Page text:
Russia Launch 2.5 Tons of Space Station Cargo Aboard Progress MS-14

Russia launched 2.5 tons of cargo aboard the Progress MS-14 spacecraft destined for the International Space Station early this morning. Just three hours and twenty minutes later, the spacecraft docked with the station’s Zvezda module.

The Progress MS-14 spacecraft was launched aboard a Soyuz 2.1a carrier rocket dubbed “Victory” by Russian officials. It was launched from the Baikonur Cosmodrome at 01:51 UTC and successfully separated from the rocket’s upper stage just under nine minutes later.

The launch was conducted within a two-orbit rendezvous window. This enabled the spacecraft to rendezvous and dock with the ISS just three hours and twenty minutes after it was launched, a journey that ordinarily takes between 6 hours and 2 days.

Once within reach of the station, the Progress MS-14 spacecraft was instructed to automatically dock with the station’s Zvezda module. The approach and docking were monitored by Russia’s TsNIIMash Mission Control Center and cosmonauts Anatoly Ivanishin and Ivan Vagner aboard the station.

The Progress MS-14 spacecraft carried 2.5 tons of cargo for the crew of the ISS. This included 1,350 kilograms of equipment, food, medicine and clothing, 700 kilograms of fuel and compressed gasses, and 420 liters of water in the Rodnik system tanks. According to a Roscmos press release, “the crew also received commemorative memorabilia dedicated to the 75th anniversary of the Victory in the Great Patriotic War [World War II].”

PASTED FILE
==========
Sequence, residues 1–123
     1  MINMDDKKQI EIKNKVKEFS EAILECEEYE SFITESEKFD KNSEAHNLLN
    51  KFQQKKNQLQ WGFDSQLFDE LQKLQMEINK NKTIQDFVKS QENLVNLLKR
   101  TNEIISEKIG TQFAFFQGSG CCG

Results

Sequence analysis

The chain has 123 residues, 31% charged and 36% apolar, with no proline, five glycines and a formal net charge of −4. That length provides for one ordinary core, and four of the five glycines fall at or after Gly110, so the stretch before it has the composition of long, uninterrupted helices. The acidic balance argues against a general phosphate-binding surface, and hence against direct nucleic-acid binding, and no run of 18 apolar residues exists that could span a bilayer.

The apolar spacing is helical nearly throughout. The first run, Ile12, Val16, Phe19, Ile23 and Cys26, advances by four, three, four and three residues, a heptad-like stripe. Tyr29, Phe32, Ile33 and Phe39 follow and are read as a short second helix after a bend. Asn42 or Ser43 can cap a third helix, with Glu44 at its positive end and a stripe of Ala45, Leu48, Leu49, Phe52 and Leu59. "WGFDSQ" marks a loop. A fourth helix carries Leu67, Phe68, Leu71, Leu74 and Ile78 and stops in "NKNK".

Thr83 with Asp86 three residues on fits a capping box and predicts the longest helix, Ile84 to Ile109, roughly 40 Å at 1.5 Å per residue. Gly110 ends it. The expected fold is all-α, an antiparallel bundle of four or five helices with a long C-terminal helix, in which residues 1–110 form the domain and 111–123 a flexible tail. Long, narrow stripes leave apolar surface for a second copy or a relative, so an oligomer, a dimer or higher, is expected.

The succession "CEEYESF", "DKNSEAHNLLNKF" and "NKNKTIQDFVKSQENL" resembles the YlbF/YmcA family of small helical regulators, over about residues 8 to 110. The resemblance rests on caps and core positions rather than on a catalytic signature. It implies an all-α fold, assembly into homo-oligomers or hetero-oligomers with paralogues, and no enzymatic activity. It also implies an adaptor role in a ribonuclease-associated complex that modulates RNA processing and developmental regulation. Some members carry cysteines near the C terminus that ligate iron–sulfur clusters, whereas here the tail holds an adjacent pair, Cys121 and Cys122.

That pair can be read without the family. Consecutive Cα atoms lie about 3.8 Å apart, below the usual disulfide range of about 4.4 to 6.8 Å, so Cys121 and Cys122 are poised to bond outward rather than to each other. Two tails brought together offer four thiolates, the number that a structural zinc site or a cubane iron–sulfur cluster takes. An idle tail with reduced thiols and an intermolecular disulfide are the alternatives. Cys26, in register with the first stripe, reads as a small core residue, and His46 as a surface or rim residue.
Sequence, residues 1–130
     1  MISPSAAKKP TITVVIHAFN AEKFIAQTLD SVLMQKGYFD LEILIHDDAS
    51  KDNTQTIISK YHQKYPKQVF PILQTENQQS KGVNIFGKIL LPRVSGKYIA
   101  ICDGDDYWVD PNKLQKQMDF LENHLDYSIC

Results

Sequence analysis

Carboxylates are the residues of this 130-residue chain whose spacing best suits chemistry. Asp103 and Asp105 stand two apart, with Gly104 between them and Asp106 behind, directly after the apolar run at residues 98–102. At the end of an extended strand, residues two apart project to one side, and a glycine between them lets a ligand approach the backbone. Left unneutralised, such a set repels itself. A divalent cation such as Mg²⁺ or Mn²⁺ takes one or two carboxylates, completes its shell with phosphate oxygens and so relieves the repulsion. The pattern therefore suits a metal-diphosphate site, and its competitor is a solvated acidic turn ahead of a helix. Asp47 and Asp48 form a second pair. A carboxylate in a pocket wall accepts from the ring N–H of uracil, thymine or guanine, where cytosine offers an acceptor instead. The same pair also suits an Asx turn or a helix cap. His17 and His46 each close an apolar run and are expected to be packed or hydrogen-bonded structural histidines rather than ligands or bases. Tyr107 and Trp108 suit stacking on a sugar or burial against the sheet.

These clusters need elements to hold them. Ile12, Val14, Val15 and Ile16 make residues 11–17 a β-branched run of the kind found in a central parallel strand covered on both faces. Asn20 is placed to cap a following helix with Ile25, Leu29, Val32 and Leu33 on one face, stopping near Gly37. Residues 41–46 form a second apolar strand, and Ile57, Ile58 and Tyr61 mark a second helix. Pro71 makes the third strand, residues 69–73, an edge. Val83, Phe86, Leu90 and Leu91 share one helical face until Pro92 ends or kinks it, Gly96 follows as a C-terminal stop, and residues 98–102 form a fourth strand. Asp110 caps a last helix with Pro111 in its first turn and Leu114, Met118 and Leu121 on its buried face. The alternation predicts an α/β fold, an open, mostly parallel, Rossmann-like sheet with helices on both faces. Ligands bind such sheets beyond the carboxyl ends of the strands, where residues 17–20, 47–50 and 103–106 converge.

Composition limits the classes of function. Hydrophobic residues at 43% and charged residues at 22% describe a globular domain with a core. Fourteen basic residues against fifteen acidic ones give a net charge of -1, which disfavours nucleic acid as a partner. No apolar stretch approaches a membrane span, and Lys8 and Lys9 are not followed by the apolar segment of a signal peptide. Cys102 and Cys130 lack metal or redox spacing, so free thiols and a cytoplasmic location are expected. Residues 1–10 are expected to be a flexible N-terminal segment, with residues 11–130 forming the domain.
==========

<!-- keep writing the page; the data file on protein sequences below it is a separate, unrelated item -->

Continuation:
The next mission to the station is currently scheduled for May 27 and will carry NASA astronauts Douglas Hurley and Robert Behnken. The mission will be the first crewed flight of the SpaceX Crew Dragon. It will also be the first crewed mission to be launched from US soil in almost a decade since the retirement of the space shuttle.

Andrew Parsonson is a space enthusiast and the founder of Rocket Rundown. He has worked as a journalist and blogger for various industries for over 5 years and has a passion for both fictional and real-life space travel. Currently, Andrew is the primary writer for Rocket Rundown as we look to expand our reach and credibility.